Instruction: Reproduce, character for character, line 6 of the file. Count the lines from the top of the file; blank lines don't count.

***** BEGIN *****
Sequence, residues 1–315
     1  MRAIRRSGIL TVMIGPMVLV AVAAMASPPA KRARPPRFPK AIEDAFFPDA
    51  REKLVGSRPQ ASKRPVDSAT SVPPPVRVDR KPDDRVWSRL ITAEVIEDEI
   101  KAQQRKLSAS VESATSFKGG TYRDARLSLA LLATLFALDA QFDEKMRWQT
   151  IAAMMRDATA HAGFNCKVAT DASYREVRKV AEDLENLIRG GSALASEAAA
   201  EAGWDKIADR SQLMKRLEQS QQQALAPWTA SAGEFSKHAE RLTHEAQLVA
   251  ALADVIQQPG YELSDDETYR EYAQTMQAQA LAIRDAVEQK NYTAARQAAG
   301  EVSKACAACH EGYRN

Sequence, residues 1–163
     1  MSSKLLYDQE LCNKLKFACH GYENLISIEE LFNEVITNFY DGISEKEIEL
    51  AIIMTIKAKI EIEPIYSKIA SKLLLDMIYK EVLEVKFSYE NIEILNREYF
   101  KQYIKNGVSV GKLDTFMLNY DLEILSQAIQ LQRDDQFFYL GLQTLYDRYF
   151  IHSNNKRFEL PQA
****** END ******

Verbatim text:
   201  EAGWDKIADR SQLMKRLEQS QQQALAPWTA SAGEFSKHAE RLTHEAQLVA